WELLESLEY — Dozens of Wellesley Public School teachers gathered with students and parents Saturday in front of the Town Hall to rally for a new contract and announced a vote of no confidence against the town’s School Committee and Superintendent David Lussier.
More than 94 percent of Wellesley Educators Association members approved the no-confidence vote, the union said Saturday. The decision comes after educators in the district have been without a contract for 260 days and negotiating with district leaders for more than 14 months.
“We genuinely believe the district can sit down with us face-to-face and resolve our last outstanding issues, but it’s going to take creativity and ingenuity to do that, and [the School Committee] has not shown that.” said Kyle Gekopi, president of the Wellesley Educators Association.
Gekopi said the union decided to take the vote, despite seeing some progress, because the School Committee was pushing for mediation, something the union felt was not necessary.
In a statement Saturday night, Wellesley School Committee member Catherine Mirick said the committee has been “bargaining in good faith for more than a year” with the union and has “agreed to 34 of the proposals that the WEA brought forward.” She said the committee made further concessions during bargaining sessions in February.
“Despite all of this movement, including an unprecedented financial package, the Committee has seen no similar movement from the WEA,” Mirick said in the statement. “Negotiations require both parties to find common ground and compromise and, thus far, the WEA has been unwilling to do this.”
The next bargaining session is scheduled for Wednesday, Gekopi said. The union will then hold a membership meeting Friday, when Gekopi hopes to present a deal for members to consider.
“We’re hoping it’s a ratification meeting,” he said.
In December, the School Committee filed for mediation, an action involving the Massachusetts Department of Labor Relations to assist both parties in resolving outstanding issues and reaching a resolution when negotiations stall. On March 2, the department told the School Committee and union that a mediator would be assigned to negotiations.
The union, which represents 724 members, has been asking for pay increases for paraprofessionals, equal parental leave, and to change what full-time hours look like for specialist educators — including art, music, and physical education teachers.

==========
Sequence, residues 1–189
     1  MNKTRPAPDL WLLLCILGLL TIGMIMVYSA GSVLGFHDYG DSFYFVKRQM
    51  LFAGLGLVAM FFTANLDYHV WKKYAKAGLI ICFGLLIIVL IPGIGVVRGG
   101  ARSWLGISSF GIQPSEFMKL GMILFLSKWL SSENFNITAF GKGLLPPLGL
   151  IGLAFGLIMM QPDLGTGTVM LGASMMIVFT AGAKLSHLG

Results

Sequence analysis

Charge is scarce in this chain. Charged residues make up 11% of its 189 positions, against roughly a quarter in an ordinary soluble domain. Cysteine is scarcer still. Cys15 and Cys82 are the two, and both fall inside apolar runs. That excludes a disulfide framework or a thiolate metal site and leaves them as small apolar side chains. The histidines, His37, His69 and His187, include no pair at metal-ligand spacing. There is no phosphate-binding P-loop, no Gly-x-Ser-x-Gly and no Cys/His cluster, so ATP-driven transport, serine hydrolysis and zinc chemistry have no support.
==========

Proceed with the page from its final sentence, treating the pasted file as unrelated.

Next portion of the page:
A starting salary for entry-level paraprofessionals in Wellesley is $25,000 and Gekopi said the union has been pushing to raise it to $30,000. Additionally, the union is asking for all educators to receive eight weeks of paid parental leave. The district’s current policy, Gekopi said, includes eight weeks for women and people who adopt, and three weeks for men.
“We’re trying to show here that… these are the changes to our working conditions that we need in order to continue our work with Wellesley students,” said Gekopi, who also teaches 12th-grade psychology at Wellesley High School. “This is also what students need to have healthy educators in front of them.”
In a letter the School Committee sent out at the beginning of the month, officials said significant progress was made on top priorities the union members wanted during four meetings in February. That included a compensation package amounting to “$9.23 million over a total of four years,” equitable parental leave, and additional preparation time for elementary teachers.
The School Committee said in the letter that they hope to settle a new contract with the union by the end of March.
“We understand that there is considerable interest from WPS families, WPS staff, and Wellesley residents about the status of negotiations,” the School Committee said in the letter. “While negotiations are generally conducted in closed session, the School Committee felt that the time was right to provide specific information on Committee positions as well as our perspectives on issues that have not been settled.”
Unrest among teachers has increased throughout Massachusetts in the past year, and Wellesley is the latest district tangled in stalled contract negotiations. On Thursday, the Quincy Education Association also overwhelmingly approved a vote of no confidence in the city’s mayor, Thomas Koch, over contentious contract talks.
A variety of factors have fueled educators’ frustration, including low pay for teachers’ aides and deteriorating mental health among many students and staff.
Despite it being illegal for Massachusetts teachers and other public employees to strike, multiple teacher unions across the state have walked the picket line within the past year. Schools in Brookline, Haverhill, Malden, and Woburn were closed between one and five days before unions and school officials reached an agreement.
Maria Melchionda, a mother of two students in the Wellesley school system with one in high school and one in middle school, said she believes the teachers are being disrespected.
“I do not think for a second that this superintendent and this School Committee values these teachers, especially after a three-year pandemic,” she said. “These teachers were some of the first responders for my kids and helped them through many a day with their studies, their homework, and for the most part, overall, mental health for all students K through 12. And we know how much that means.”
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